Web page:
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Publisher's Summary

[Contains mature themes] They’re grandparents, with a 40-year love story and a stable, happy marriage. But one of them had quite a few secrets. Esther gives them some tools to navigate and support each other's experiences.
Step into the office of renowned relationship therapist and TED Talk sensation Esther Perel, and listen in as she counsels couples in crisis due to infidelity, sexlessness, loss, and disconnection. The result? Astonishing insights on how they can make love work – and takeaways for you on ways to repair and restore your own relationships.
About Esther:
Esther Perel is recognized as one of today’s most insightful and provocative voices on personal and professional relationships. A celebrated psychotherapist who has helmed a private practice in New York City since 1983, she has over three decades of experience navigating the intricacies of love and desire.
©2017 Audible Originals, LLC (P)2017 Audible Originals, LLC
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Customer Reviews

Most Helpful
5 out of 5 stars
By Nicole on 05-26-17

Brutally Honest

Holy sh*t this one was hard to listen to. I am in awe of this couple. Their relationship has been so badly damaged, and yet they are able to keep sight of the parts of it which are worth holding on to, and to try to fight for those parts and rebuild. I think to myself that I would not have the fortitude to even attempt to work my way through something like this, and yet Esther Perel manages to guide these people toward a level of compassion that is deeper than most people's pride would allow.

As I listen to the session unfold my own instinctual anger, outrage, and sympathetic pain begin to give way to empathy and humanity, and I start to ask questions:
-What does it take to be the kind of person who is willing to even try to forgive a betrayal like this?
-How do you hold onto the conviction that the love in a relationship is real despite actions that seem to invalidate that love?
-If someone does not behave this way out of a desire to destroy, then what kind of trauma can cause them to act like that?
-How do you work up the nerve to start taking responsibility for hurting another human being so terribly?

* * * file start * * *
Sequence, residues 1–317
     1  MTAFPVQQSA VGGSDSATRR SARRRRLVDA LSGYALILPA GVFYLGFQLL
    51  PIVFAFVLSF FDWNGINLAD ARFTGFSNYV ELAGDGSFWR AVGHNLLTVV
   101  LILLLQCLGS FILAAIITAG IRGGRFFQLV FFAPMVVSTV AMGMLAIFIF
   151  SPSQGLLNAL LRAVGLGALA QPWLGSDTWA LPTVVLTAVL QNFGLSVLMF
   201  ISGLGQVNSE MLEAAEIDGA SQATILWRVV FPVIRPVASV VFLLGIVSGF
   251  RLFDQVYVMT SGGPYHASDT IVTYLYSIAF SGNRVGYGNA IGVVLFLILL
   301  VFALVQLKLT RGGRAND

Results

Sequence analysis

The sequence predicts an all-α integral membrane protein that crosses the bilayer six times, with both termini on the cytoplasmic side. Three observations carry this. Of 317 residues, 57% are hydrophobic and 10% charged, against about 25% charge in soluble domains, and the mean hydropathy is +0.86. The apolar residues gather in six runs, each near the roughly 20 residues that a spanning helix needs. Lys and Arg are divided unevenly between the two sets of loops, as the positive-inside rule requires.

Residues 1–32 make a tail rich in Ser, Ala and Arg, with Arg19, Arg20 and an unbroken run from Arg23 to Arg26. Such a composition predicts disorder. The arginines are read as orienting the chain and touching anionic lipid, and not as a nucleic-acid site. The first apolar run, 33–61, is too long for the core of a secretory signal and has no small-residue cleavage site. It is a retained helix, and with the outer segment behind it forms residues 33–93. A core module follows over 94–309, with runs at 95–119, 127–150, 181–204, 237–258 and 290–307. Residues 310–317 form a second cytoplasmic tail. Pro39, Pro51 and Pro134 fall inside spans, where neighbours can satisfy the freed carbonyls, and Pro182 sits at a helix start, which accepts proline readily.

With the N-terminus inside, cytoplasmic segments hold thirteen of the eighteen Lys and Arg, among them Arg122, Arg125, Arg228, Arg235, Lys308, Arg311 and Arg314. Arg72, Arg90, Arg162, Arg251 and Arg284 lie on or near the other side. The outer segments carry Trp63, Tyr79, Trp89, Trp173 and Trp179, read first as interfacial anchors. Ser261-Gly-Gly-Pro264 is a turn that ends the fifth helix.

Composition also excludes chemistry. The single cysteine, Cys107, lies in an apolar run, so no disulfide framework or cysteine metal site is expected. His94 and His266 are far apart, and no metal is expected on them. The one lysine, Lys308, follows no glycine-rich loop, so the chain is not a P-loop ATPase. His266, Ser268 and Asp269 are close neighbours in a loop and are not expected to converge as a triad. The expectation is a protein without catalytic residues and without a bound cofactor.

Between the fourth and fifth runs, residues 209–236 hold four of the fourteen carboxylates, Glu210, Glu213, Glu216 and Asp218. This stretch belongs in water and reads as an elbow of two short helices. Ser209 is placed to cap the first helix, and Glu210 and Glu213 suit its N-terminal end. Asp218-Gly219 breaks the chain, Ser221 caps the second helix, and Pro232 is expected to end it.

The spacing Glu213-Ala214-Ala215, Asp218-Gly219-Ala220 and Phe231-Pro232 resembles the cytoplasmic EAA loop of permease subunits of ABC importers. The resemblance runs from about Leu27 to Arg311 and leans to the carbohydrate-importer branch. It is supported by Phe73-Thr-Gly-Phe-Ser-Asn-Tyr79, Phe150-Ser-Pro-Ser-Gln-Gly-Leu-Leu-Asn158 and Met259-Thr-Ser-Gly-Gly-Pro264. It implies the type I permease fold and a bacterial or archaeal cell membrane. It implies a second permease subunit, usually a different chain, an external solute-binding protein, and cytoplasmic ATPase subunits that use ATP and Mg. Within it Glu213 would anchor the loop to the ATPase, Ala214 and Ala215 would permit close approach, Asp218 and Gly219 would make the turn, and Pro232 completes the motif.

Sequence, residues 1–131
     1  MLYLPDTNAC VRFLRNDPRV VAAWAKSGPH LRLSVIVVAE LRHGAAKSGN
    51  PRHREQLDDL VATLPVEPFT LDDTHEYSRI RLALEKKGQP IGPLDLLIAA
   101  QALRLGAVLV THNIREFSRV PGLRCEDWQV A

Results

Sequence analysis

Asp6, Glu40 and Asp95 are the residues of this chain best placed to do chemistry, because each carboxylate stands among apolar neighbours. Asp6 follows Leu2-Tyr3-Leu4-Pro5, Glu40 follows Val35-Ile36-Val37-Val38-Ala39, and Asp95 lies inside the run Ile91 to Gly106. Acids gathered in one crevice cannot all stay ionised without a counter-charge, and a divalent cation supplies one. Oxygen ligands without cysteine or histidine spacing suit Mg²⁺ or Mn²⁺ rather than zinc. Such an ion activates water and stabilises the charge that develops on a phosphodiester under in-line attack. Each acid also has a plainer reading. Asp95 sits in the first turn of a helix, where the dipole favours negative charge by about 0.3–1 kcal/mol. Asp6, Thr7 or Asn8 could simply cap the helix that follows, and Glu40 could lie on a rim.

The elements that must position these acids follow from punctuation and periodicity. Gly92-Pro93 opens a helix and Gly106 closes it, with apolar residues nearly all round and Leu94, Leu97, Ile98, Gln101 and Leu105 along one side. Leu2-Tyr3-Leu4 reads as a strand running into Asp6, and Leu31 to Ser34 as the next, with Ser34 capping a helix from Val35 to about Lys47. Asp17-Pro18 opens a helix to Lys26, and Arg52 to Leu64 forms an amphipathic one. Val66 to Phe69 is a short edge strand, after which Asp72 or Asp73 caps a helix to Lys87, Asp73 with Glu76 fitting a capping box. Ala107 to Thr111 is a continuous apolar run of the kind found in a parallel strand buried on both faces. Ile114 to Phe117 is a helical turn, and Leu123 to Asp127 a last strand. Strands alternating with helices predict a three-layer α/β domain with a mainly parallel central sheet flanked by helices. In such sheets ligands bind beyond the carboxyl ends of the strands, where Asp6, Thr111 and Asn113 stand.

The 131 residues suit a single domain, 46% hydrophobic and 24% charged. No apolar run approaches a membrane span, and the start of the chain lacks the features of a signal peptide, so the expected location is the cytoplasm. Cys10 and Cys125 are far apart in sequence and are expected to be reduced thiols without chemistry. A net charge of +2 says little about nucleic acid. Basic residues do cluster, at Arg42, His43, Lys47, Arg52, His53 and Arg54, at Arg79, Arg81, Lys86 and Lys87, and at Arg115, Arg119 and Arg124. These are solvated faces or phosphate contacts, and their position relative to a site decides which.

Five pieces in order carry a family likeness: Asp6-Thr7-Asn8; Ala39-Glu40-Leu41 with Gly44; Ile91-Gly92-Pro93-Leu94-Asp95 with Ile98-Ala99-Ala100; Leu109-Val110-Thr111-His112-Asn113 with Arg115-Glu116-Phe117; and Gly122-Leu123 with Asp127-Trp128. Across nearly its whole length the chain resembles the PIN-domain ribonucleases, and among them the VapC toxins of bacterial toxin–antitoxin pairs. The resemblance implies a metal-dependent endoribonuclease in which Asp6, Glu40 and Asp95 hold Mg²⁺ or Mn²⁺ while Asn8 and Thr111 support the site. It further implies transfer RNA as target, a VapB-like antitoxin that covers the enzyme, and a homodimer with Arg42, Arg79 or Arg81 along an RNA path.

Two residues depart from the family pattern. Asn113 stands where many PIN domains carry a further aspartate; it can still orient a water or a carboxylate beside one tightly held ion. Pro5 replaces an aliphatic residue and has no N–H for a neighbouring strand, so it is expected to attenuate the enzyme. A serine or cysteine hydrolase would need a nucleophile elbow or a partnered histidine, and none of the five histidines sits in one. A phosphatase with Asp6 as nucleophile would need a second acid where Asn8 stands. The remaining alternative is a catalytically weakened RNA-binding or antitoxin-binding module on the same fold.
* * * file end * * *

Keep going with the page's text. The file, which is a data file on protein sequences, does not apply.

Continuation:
-How do you lean on your best friend for help when they are the very person who is causing your pain?
-How do you stand up to criticism from your friends and family for attempting to salvage your relationship instead of walking away?

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12 of 12 people found this review helpful

5 out of 5 stars
By J and M on 06-18-17

Exelent!

Major point here Ester points out, and prime example of how a good therapist MUST suspend all opinion and judgement initially. While many of us would personally think "leave him", and "boy, bye!" That is the worst friends and family can do is judge her for her decision to stay. Too many people have TOO MUCH to say about problems in someone else's marriage. A woman should not be condemned for staying regardless of what you might have done, or even your personal opinion about it. Women have a choice and they made it. You don't have to agree or condone it. But, you have NO right to judge it either. If you really care, you will back off and let them work through it, not make them feel bad or even worse after such a huge betrayal. They've already been brought low, you bringing them lower certainly doesn't add anything positive to an already difficult situation. And, really, that goes for men and women. But, to judge a woman's ability to make decisions, do a job, be a good role model, whatever based on her decision to stay with a partner who has cheated is rediculous! And, judging them says more about the judges than the one betrayed.

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2 of 2 people found this review helpful

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Customer Reviews

Most Helpful
5 out of 5 stars
By Michelle on 08-10-17

Brave souls

Wow, admiration for you both to want to still stay together and work through this. Sounds like you have so much to protect and save. True healing lies within deep work like this. Blessings to you both x

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Customer Reviews

Most Helpful
5 out of 5 stars
By Mexico Rosel on 07-22-17

Helpful, healing

I feel the dialogue could have been more compassionately focused on the husband, and offered him more space to freely, without interruption, explore and share his trauma - as it is this very trauma that has perpetuated the trauma his wife has then suffered, and its free and open expression may even help her in understanding her pain as caused by his trauma-based actions. There are many insightful moments in this recording and I am deeply grateful. Thank you for sharing.

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1 of 1 people found this review helpful

5 out of 5 stars
By Jacqui Daniels-Gillen on 07-10-17

Brave couple

I like the therapist's reassuring tone and appreciation of the subtle complexity of this relationship.

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1 of 1 people found this review helpful

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